I read everything I could on basal body temp, cervical mucus and how it played a role in fertility, soaking in every tidbit I could find about increasing our chances of getting pregnant. At one point, Dr. G recommended an HSG (hysterosalpingogram), which I agreed to. In this procedure (which is usually done in an outpatient radiology department), your physician will insert a soft-tipped catheter through your cervix and into your uterus, filling it with contrast dye. This procedure is to check for any blockages the patient may have in their fallopian tubes, as well as any uterine abnormalities (polyps, odd shape, etc.). We tried twice to have one done, but at the last minute (both times) my appointment was canceled due to Dr. G having to deliver babies.
About a year into our fertility journey, Dr. G recommended that my husband see a urologist to test for male factor infertility. So my husband did, and then we waited for the call from the urologist. I still remember that call. We had gone to South Padre Island, TX with some friends of ours when Dr. K (my husband’s urologist) called. Based on his exam of my husband and the results from the sperm analysis, my husband had a varicocele (a varicose vein in his scrotum) that was effecting our ability to get pregnant. Now, most people would be discouraged finding a problem. But I just thought, “Finally! Something tangible!” Because you know what comes after a problem? A friggin’ solution! Dr. K’s solution? Surgical intervention.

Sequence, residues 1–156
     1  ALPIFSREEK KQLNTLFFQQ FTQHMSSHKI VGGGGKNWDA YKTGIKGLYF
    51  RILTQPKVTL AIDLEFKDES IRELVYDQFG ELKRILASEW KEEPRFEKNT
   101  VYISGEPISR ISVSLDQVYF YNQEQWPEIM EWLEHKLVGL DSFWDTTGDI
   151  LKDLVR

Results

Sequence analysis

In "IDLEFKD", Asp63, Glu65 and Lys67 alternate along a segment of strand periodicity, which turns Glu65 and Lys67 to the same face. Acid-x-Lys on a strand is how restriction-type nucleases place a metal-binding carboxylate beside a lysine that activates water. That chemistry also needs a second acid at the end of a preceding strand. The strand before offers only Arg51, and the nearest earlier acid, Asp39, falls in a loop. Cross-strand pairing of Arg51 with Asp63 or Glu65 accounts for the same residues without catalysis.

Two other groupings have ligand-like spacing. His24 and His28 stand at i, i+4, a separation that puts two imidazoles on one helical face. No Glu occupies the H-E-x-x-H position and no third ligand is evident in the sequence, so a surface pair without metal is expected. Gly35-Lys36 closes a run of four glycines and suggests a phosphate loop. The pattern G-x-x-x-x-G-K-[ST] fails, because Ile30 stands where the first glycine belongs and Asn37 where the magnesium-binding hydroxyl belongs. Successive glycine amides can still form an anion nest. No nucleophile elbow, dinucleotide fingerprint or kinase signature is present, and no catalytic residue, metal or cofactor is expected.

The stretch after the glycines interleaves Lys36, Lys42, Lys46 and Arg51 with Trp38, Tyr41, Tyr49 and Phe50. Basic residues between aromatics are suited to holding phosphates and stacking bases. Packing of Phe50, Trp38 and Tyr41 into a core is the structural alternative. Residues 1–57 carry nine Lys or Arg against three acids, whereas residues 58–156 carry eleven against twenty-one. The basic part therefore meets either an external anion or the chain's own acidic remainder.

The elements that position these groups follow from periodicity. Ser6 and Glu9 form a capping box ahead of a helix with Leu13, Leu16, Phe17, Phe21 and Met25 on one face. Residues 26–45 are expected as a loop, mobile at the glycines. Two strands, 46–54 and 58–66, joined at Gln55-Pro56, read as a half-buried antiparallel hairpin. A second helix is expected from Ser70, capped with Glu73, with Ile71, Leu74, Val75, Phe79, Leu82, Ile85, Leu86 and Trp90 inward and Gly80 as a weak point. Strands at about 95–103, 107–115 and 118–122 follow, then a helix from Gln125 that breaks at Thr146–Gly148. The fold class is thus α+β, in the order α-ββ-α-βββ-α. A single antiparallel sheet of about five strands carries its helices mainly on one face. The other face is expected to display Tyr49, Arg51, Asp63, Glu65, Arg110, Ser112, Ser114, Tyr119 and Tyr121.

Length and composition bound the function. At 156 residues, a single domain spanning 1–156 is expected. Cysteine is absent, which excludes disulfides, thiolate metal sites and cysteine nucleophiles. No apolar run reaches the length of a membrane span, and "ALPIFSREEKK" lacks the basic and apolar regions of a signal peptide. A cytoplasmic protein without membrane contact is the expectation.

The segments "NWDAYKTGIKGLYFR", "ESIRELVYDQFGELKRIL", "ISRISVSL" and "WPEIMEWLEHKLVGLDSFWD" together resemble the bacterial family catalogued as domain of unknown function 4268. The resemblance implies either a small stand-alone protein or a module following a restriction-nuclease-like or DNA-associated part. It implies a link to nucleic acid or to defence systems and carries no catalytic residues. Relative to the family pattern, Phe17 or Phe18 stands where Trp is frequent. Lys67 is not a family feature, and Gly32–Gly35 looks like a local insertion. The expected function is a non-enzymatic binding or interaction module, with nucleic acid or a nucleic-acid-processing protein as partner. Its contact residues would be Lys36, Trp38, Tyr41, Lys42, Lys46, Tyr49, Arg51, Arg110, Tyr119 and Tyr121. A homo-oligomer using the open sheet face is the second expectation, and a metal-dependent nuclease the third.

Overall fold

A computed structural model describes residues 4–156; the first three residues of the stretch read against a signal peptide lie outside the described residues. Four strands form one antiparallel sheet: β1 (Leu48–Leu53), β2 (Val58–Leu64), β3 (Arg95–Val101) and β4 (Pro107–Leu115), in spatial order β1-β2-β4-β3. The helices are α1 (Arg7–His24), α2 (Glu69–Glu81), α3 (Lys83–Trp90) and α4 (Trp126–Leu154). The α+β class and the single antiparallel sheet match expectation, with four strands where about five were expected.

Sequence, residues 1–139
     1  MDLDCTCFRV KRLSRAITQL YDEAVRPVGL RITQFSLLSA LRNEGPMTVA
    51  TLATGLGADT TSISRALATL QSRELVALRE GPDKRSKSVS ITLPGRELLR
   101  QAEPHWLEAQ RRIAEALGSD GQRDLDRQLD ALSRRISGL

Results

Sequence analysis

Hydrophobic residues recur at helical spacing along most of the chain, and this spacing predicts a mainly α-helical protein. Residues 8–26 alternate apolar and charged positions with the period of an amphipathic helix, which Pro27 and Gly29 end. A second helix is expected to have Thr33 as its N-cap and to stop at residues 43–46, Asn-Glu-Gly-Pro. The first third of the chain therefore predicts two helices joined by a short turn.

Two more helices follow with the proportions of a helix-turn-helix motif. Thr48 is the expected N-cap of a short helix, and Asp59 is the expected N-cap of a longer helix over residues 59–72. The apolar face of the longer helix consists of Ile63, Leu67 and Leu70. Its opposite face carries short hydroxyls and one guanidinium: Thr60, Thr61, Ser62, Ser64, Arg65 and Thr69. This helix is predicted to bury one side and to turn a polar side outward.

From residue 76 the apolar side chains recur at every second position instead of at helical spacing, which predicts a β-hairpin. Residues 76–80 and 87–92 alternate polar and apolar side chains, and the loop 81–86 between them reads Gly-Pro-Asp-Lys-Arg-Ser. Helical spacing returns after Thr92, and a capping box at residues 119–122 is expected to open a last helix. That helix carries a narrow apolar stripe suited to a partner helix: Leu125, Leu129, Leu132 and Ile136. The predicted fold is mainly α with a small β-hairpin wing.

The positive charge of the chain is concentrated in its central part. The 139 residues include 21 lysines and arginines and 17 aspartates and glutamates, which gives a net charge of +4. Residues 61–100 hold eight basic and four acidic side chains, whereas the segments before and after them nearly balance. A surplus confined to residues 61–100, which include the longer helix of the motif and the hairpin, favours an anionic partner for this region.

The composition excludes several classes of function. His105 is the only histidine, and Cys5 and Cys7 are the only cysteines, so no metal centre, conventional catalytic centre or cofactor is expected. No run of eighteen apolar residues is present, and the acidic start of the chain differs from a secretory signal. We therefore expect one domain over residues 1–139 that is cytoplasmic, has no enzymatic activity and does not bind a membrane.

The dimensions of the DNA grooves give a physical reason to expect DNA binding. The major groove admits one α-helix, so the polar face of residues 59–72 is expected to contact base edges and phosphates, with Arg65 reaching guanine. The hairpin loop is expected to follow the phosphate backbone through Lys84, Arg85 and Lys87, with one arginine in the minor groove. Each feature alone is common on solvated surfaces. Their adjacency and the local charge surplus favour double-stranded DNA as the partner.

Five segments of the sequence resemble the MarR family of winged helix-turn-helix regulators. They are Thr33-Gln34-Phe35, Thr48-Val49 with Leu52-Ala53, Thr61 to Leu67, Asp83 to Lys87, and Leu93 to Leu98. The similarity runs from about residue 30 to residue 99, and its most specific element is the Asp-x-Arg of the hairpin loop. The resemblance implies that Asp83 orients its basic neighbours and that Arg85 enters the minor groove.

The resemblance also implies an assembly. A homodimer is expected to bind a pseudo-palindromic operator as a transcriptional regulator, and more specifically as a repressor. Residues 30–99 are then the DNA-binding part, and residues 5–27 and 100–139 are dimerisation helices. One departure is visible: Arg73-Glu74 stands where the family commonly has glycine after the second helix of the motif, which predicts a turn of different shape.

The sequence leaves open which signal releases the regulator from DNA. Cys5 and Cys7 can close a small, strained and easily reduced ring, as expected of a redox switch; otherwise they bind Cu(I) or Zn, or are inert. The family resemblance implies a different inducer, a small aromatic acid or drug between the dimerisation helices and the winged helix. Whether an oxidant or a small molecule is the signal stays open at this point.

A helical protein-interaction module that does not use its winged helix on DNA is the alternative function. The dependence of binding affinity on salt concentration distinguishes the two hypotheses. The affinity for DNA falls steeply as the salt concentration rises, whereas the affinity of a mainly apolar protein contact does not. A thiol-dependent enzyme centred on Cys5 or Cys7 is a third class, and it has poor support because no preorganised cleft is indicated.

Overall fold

Wait, what? Whoa, whoa, whoa. We’re not quite there yet, doc.
I took the results to Dr. G, who recommended that we follow up with his colleague that was a reproductive endocrinologist, Dr. R, who was amazing. Our first appointment with him was spent in his office. He had a gigantic oak desk that he sat behind, and big comfy chairs for the people seeking his help. He asked us what our expectations were with this journey, what procedures we were willing to undergo, and what we knew so far. Basically to make sure we were all on the same page. This journey was going to be tough, but he made sure that we knew that he was on our team.
We brought my husband’s analysis with us. He poured over the results for a few minutes, and very matter-of-factly said that my husband wouldn’t need surgery. He’d gotten couples pregnant before with much worse labs. Well, if the varicocele wasn’t the problem, what was? Are we really back to square one? I was so disappointed! I think Dr. R could sense my disappointment, because he was very reassuring. We would get through this together.
So we started fertility treatments again. We started each cycle with an ultrasound, then went on to Femara, Estrogen, Progesterone, another ultrasound in there somewhere to make sure I was producing mature follicles (which I was). After several months of not getting pregnant, we were labeled with “unexplained fertility”. Everything was working as it should, but nothing was syncing up!